Sanjay Johnson HIV Criminalization Case Closes With 5-Year Probation Sentence

This important article is from Kenyon Farrow
at the and highlights how U=U can play an important role in such cases.

February 22, 2019

Sanjay Johnson, who was charged with nondisclosure of his HIV status to a former sexual partner, was given a surprise sentence of five years probation and a $750 fine finalized in Little Rock, Arkansas on Feb. 19. Johnson was initially facing a felony conviction with the possibility of 10 to 12 years in prison and a requirement that he register as a sex offender upon his release.

“Honestly, I’m grateful, but I still have a burden with probation and its restrictions and financial obligations,” said Johnson about the sentence.

Johnson’s defense lawyer, Cheryl K. Maples, said that the case largely rested on the fact that Johnson was documented as having an undetectable viral load and could not have transmitted the virus to the accuser. The prosecutor finally was convinced in the second hearing.Advertisement

“He finally heard me,” Maples said, speaking about Grayson Hinojosa, deputy prosecutor with Pulaski County, Arkansas. “He finally got that Sanjay could not have exposed this young man to HIV because he was undetectable.”

The statute that was employed in Johnson’s earlier no-contest plea is rarely used, according to Maples. It allows for people without any other criminal records to settle their case with a guilty or no-contest plea, accept at least one year’s probation and no more than a $3,500 fine. They will continue to have no further criminal record.

Interestingly, the law carves out a provision that bans defendants who have been charged with “exposing another person to the human immunodeficiency virus.” But with Johnson being virally suppressed, the exposure clause was moot.Maples sees an opportunity to help others like Johnson. She is preparing a case for the United States District Court in Western Arkansas to challenge the HIV criminalization law that initially ensnared him. “I believe the law [that criminalizes people with HIV] is unconstitutional,” she said.

Change is spreading nationally, slowly but surely, due to heavy advocacy work by community advocates, state groups, and national organizations including the Center for HIV Law and Policy, Lambda Legal, Prevention Access Campaign, and SERO Project. While Arkansas still has specific laws criminalizing people living with HIV for nondisclosure, there are several states that have reformed their laws in the past few years, most recently California, Colorado, and North Carolina.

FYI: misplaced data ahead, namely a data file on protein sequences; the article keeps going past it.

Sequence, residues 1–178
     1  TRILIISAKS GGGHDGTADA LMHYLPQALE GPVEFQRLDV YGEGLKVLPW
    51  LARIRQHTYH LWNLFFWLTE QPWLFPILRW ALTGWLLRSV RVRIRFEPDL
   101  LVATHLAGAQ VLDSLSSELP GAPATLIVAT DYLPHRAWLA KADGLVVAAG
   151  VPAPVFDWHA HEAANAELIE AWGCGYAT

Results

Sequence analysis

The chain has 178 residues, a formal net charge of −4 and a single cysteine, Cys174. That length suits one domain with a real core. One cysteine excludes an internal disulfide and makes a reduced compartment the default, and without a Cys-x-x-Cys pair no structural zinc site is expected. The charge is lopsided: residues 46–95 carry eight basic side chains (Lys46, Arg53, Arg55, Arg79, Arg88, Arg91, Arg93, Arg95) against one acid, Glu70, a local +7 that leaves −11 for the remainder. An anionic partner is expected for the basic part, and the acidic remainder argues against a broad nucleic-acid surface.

As for Johnson, he says that although he is happy about the final ruling, the case has taken a toll.

“I’m still looking for a better stable job,” he said. “I was terminated from my job at the hospital [where I was employed] for over three years. My work performance went down since I’ve been going through this ordeal, and it affected me mentally and led to my dismissal. I didn’t work for three months, but was applying and having interviews, and started working on Jan. 7.”

As for the future, Johnson said that despite the hardships, this experience has encouraged him to want to help others in similar scenarios.

“I would like be in a position where I could work while getting paid advocating and educating on HIV and criminalization, and maybe write a book about my experiences,” he said. “I still will continue to advance in my woodcarving and photography and other creative passions. I just want to be a genuine example to those who are like me that you can overcome adversity.”

Kenyon Farrow is the senior editor of and